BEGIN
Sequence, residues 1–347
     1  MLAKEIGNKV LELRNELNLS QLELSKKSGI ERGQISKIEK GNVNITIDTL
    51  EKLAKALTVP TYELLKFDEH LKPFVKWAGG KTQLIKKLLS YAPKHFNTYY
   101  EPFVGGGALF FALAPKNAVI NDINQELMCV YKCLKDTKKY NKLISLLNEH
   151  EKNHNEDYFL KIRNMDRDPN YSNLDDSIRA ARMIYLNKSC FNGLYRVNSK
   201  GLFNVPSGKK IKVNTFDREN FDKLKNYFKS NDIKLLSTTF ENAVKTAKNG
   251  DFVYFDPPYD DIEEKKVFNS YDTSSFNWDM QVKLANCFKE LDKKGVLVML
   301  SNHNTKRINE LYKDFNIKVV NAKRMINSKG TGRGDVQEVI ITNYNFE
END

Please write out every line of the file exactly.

Sequence, residues 1–347
     1  MLAKEIGNKV LELRNELNLS QLELSKKSGI ERGQISKIEK GNVNITIDTL
    51  EKLAKALTVP TYELLKFDEH LKPFVKWAGG KTQLIKKLLS YAPKHFNTYY
   101  EPFVGGGALF FALAPKNAVI NDINQELMCV YKCLKDTKKY NKLISLLNEH
   151  EKNHNEDYFL KIRNMDRDPN YSNLDDSIRA ARMIYLNKSC FNGLYRVNSK
   201  GLFNVPSGKK IKVNTFDREN FDKLKNYFKS NDIKLLSTTF ENAVKTAKNG
   251  DFVYFDPPYD DIEEKKVFNS YDTSSFNWDM QVKLANCFKE LDKKGVLVML
   301  SNHNTKRINE LYKDFNIKVV NAKRMINSKG TGRGDVQEVI ITNYNFE